LONDON (Reuters) - Heavy snow caused chaos across a swathe of Britain as councils said they were running out of grit to keep roads open and forecasters predicted fresh flurries for southern England during the Friday morning rush hour.
Airport runways were closed, hospital operations cancelled and bus and rail services hit as up to six inches of snow fell across the Midlands, South Wales, northeast England and Scotland.
The Automobile Association said a road safety crisis was developing on many roads and pavements because of a shortage of salt.
“With weather forecasts showing another four or five days of freezing temperatures and snow ... many roads will become death traps,” it said.
Transport Secretary Geoff Hoon said there was only so much that local authorities could do in the severest winter weather for 18 years.
“We cannot expect to keep every side road right across the country open given the very serious weather conditions we have faced over the last few days,” he told BBC television.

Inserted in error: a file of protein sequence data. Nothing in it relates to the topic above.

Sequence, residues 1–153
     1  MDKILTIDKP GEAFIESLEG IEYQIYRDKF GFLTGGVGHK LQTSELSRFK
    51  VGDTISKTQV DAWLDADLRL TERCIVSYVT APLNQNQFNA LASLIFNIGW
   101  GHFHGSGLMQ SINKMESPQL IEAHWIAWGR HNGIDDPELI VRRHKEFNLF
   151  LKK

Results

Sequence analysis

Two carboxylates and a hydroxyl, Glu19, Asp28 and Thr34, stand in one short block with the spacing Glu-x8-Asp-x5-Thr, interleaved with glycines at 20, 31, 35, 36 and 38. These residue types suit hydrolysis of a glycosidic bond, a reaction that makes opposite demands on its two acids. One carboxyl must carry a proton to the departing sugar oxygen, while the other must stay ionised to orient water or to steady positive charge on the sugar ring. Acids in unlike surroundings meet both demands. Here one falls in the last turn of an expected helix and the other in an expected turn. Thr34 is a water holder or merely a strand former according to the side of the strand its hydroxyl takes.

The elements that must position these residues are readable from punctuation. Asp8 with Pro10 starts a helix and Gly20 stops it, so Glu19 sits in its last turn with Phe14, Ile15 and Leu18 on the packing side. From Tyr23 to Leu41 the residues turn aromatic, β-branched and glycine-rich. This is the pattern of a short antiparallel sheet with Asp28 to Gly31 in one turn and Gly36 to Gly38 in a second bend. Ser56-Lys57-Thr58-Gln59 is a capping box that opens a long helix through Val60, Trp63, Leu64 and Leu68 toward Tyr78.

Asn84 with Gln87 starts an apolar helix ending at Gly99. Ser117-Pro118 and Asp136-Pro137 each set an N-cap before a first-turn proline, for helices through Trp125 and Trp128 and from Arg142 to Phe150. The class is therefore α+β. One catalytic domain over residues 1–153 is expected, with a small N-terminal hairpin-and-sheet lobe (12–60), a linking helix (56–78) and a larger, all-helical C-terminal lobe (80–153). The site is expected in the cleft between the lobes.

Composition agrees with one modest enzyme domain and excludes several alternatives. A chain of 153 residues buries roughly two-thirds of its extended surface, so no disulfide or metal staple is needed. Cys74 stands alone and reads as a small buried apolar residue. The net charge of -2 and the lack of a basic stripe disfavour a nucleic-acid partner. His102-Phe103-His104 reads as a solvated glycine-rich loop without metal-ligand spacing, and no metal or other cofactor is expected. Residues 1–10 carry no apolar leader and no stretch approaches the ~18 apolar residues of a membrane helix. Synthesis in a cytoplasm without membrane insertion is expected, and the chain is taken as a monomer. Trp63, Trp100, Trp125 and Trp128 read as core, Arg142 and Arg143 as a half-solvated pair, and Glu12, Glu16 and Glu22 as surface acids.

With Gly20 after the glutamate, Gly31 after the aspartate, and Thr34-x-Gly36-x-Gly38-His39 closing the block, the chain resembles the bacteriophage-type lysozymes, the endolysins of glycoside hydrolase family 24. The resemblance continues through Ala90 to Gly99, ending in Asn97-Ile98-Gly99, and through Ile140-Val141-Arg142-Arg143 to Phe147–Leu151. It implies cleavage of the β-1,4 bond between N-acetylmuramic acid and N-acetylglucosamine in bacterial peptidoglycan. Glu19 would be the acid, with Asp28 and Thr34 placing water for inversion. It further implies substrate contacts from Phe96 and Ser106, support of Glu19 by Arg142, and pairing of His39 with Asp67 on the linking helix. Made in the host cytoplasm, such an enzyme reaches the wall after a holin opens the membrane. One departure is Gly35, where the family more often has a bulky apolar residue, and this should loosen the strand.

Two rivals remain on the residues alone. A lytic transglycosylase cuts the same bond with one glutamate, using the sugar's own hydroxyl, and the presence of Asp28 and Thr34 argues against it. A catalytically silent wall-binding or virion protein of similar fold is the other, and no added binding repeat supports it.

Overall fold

He said the Highways Agency was putting 25,000 tonnes of salt on main roads a day, while producers could only deliver 30,000 tonnes a week.
“Clearly, if the weather continues to be difficult as it has been in the past few days then we are putting down on to the roads far more salt than can physically be produced by the suppliers,” he said.
He said the Agency was holding five days reserve of salt, although that had reduced to four days in areas where supplies had been given to councils running short.
The Local Government Association said council reserves of grit had been “massively depleted” and that some local authorities would be forced to prioritise which roads to keep clear.
“In some parts of the country the prolonged exceptionally cold weather has meant that more grit has been deposited on roads in the last four days than in the whole of last year’s winter,” it said.
Many flights were delayed or cancelled at Luton, Birmingham, East Midlands and Aberdeen airports after they closed their runways for a period in the early morning for snow clearing.
The Met Office said further heavy snowfalls were forecast to hit London and the southeast on Friday, with wintry showers seen continuing to fall across the country over the weekend.
Up to 2 inches of snow could fall in London during the Friday morning rush hour, with as much as eight inches falling on higher ground in the southeast, a Met Office spokesman said.
Editing by Steve Addison